The Mediterranean and Gulf of Suez are key locations for service firms that tackle the difficulty and higher costs of deep-water drilling. Drilling requires updated and sophisticated technology to avoid the standard risks that are part of such an endeavor; deep-water drilling especially takes a toll on equipment due to high temperatures and pressure. The environmental wear on drilling equipment creates incentive for both service and manufacturing companies to develop and provide a superior product.  Therefore there is a high level of competition to deliver state of the art deep-water drilling supplies at a competitive price in the service market. Yet many domestic companies advertise their prices without much guarantee of their product as a means of getting a foot in the service market door.

Concerning the challenges and obstacles that could face the service companies, some sources revealed that after the January 25th Revolution, the petroleum service sector faced many financial crises that negatively impacted their professional and financial performance.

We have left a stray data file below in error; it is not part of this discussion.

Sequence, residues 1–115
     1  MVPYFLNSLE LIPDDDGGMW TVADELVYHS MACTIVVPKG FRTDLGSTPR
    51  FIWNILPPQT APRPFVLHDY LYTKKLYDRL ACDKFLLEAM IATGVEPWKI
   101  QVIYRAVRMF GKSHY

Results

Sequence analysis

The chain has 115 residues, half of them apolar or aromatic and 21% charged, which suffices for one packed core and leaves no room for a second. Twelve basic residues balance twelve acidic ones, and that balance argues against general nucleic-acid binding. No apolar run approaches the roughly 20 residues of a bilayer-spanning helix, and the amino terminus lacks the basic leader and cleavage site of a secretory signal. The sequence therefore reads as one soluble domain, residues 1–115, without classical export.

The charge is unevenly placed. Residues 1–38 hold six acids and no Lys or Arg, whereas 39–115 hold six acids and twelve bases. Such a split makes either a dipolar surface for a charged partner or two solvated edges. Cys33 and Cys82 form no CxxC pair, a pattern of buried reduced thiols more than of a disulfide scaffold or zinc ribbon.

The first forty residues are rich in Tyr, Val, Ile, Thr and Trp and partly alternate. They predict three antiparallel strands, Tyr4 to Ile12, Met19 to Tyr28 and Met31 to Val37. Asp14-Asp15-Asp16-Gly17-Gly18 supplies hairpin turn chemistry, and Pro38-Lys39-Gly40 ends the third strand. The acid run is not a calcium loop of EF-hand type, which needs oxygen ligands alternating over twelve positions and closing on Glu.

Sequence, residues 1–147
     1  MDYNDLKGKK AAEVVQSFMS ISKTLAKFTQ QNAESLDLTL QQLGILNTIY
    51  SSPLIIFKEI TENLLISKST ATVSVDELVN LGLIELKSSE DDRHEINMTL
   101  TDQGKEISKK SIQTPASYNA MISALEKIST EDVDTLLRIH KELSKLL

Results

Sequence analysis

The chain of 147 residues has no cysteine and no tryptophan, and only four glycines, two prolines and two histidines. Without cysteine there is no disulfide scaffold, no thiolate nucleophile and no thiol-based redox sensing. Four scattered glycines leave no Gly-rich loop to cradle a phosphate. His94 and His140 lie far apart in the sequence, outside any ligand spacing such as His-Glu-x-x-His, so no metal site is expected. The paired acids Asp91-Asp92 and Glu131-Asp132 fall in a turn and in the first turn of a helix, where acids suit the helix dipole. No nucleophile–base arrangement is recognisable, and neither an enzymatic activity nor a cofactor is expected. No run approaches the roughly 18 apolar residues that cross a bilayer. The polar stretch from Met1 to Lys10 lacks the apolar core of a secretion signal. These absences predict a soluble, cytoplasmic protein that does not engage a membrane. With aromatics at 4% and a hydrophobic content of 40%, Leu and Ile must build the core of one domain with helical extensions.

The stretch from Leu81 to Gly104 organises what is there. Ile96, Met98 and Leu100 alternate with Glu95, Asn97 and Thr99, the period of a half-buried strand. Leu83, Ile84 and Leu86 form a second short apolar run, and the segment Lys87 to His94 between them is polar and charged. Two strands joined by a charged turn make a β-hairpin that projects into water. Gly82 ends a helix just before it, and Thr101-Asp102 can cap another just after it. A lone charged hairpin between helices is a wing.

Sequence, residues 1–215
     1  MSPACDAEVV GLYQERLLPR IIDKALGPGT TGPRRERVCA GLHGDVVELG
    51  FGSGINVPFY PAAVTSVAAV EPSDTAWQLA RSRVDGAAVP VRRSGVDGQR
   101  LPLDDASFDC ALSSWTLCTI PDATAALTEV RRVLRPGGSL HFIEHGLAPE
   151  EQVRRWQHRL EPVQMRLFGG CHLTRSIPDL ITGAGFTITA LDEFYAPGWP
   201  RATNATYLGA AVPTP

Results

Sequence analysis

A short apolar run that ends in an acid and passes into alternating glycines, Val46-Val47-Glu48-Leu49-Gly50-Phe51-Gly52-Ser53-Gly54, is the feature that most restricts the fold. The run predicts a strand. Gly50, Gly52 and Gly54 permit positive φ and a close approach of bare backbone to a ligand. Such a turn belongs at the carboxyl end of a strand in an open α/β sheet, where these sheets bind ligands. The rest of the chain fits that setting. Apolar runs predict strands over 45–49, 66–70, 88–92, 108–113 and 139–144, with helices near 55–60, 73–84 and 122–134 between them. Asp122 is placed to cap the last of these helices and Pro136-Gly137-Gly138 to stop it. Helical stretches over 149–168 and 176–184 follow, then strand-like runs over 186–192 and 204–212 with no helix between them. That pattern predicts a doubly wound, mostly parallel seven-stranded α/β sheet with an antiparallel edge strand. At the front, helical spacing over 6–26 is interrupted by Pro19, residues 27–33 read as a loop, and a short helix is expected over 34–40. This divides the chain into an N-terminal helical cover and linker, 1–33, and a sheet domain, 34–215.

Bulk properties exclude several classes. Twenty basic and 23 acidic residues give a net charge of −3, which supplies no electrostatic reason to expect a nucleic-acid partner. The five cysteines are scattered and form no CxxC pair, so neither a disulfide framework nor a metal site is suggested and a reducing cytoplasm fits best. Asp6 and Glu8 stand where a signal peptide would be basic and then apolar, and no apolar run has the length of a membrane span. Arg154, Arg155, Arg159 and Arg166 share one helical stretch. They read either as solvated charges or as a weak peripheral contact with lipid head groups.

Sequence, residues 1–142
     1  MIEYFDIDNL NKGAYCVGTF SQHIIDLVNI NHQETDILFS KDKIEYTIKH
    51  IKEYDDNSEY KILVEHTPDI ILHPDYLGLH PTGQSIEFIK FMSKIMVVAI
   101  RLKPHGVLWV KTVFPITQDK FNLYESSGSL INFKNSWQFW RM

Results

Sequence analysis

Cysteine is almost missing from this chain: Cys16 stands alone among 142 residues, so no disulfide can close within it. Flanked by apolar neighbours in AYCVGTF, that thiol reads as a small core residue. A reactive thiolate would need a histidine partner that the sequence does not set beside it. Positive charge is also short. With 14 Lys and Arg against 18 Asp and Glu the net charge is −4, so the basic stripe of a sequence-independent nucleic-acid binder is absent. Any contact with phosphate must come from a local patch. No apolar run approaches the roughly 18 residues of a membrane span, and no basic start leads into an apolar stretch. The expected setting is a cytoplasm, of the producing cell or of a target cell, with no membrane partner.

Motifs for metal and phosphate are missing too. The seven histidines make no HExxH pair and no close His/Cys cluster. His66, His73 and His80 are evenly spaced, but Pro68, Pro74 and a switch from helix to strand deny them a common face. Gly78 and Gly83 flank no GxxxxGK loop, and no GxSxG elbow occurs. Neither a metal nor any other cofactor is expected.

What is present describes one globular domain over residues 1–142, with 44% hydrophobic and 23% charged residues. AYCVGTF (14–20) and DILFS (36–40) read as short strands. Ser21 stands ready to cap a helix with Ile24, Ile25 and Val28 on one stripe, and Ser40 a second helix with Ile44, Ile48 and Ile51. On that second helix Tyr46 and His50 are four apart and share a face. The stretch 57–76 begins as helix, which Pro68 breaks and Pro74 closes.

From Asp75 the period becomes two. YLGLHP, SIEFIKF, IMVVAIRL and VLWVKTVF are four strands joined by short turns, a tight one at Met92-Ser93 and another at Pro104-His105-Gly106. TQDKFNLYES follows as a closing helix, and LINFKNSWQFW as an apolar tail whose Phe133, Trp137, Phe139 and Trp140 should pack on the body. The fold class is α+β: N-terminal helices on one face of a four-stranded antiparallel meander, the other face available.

Sami Ameen, Transocean’s Division Marketing Manager admits, “The recent political and economic instability has definitely had a major impact on investment decisions and, there has been no long-term visibility only short-term contracts”.

Eng, Ashraf Thabet Chairman and Managing Director of the Petroleum Services Company PISCO stated, “We have suffered a lot after the Revolution due to the unstable economic and political situations.”